[ISN] FAA worker gets a year in code theft

From: InfoSec News (isnat_private)
Date: Thu Jun 14 2001 - 23:56:22 PDT

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    By Matt O'Connor 
    Tribune staff reporter 
    June 13, 2001 
    A former engineer for the Federal Aviation Administration who stole
    the only copy of a computer code crucial to monitoring air traffic at
    O'Hare International Airport was sentenced Tuesday to a year in
    Thomas A. Varlotta headed the team that worked several years to
    develop the so-called source code--necessary to fix glitches in the
    automated system used to relay flight information between O'Hare and
    controllers at an air-traffic facility in Elgin.
    Varlotta stole the only copy of the software program when he resigned
    from the FAA in June 1998, a month after learning of plans to bump him
    down a pay grade, prosecutors said.
    Assistant U.S. Atty. Lawrence Oliver II said the theft didn't raise
    public-safety concerns but could have caused "monumental delays"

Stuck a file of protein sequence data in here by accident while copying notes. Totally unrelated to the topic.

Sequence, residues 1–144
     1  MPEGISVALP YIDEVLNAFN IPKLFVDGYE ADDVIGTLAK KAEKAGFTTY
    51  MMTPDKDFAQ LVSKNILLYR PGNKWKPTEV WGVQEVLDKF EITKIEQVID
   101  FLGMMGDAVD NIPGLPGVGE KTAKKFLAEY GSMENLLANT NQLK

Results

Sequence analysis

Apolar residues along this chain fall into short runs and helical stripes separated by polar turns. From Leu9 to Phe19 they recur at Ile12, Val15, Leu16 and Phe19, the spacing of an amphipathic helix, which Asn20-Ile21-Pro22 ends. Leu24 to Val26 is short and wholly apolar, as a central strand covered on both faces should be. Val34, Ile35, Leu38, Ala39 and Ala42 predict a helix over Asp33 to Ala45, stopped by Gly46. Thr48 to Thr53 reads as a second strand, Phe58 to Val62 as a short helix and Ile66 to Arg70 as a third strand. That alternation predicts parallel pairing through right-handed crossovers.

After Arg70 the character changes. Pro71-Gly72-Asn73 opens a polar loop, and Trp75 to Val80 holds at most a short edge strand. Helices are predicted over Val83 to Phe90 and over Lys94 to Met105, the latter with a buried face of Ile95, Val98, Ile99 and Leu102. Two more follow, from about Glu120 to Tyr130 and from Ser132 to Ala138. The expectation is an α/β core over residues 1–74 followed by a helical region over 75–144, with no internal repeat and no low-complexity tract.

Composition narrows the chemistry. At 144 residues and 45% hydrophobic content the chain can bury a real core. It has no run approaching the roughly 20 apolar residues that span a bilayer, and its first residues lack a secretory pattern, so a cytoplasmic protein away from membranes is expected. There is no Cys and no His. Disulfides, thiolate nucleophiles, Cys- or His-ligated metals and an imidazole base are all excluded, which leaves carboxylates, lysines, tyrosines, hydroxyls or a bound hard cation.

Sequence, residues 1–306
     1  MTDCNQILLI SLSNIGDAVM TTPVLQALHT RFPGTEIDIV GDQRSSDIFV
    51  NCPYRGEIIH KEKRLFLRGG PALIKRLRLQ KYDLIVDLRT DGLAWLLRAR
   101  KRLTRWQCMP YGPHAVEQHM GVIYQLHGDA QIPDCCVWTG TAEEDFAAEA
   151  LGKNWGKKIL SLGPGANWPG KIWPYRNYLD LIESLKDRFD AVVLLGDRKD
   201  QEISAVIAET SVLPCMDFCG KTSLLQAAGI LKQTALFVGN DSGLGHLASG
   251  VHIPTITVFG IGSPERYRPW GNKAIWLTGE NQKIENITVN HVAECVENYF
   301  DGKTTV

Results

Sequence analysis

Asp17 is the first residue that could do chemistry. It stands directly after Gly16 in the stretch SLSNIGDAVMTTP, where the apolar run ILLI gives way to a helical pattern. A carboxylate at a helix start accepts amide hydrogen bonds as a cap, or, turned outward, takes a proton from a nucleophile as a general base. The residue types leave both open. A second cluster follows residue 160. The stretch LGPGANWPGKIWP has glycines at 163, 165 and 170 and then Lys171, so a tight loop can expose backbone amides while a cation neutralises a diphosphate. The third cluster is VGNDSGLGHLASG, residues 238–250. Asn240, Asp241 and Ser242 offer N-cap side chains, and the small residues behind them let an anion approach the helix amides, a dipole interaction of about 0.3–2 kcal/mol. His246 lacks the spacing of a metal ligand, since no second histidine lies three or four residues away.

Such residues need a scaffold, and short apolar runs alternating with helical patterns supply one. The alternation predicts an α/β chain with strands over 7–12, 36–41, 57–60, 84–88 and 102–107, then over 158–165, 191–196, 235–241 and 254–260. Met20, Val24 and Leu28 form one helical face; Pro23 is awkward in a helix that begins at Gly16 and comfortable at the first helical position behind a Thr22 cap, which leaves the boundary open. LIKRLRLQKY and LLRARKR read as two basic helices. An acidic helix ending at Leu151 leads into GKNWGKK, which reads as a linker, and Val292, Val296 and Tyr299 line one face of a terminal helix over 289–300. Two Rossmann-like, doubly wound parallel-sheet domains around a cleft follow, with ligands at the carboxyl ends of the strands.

because the computer program allowed controllers to run as many as 100
    flights in and out of O'Hare an hour.
    "He intended to hold the FAA and O'Hare Airport hostage," Oliver told
    U.S. District Judge William Hibbler.
    Federal investigators recovered the software code in a raid on
    Varlotta's home in Tinley Park in August 1998, but it was encrypted
    with a 13-digit password, and experts at the National Aeronautics and
    Space Administration said it could take as long as 400 years to
    unscramble, Oliver said.
    Months later, Varlotta gave authorities the13-digit password, even
    though he knew it "condemned him to a conviction," said his lawyer,
    Matthew P. Walsh.
    "Three years ago I made the biggest mistake of my life," said
    Varlotta, 44, who pleaded guilty to theft last September. "I have lost
    my job, my career and the respect of my peers."
    Hibbler criticized the FAA for not codifying the code before the
    Prosecutors had contended the code's value was as much as $1.5
    million, but Hibbler previously calculated the figure at only $60,000.
    If the judge had agreed with prosecutors, Varlotta could have faced as
    much as 5 years in prison.
    Hibbler also ordered that Varlotta pay $13,000 in fines and
    The judge said Varlotta's actions were "mean-spirited" and that the
    theft of the code, while not creating a danger, could have caused air
    passengers "to feel less safe."
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